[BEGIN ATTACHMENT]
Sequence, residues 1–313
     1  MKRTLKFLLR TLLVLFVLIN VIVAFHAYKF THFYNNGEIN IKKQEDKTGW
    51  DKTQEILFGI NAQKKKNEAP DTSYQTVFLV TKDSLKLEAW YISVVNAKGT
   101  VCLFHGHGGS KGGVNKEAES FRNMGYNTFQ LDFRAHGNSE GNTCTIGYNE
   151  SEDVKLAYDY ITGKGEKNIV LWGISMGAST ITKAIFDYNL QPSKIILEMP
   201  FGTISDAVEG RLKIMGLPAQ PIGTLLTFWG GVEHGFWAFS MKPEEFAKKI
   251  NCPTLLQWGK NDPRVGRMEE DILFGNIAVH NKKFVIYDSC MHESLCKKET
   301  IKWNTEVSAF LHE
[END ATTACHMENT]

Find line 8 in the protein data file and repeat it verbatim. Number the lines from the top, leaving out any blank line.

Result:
   301  IKWNTEVSAF LHE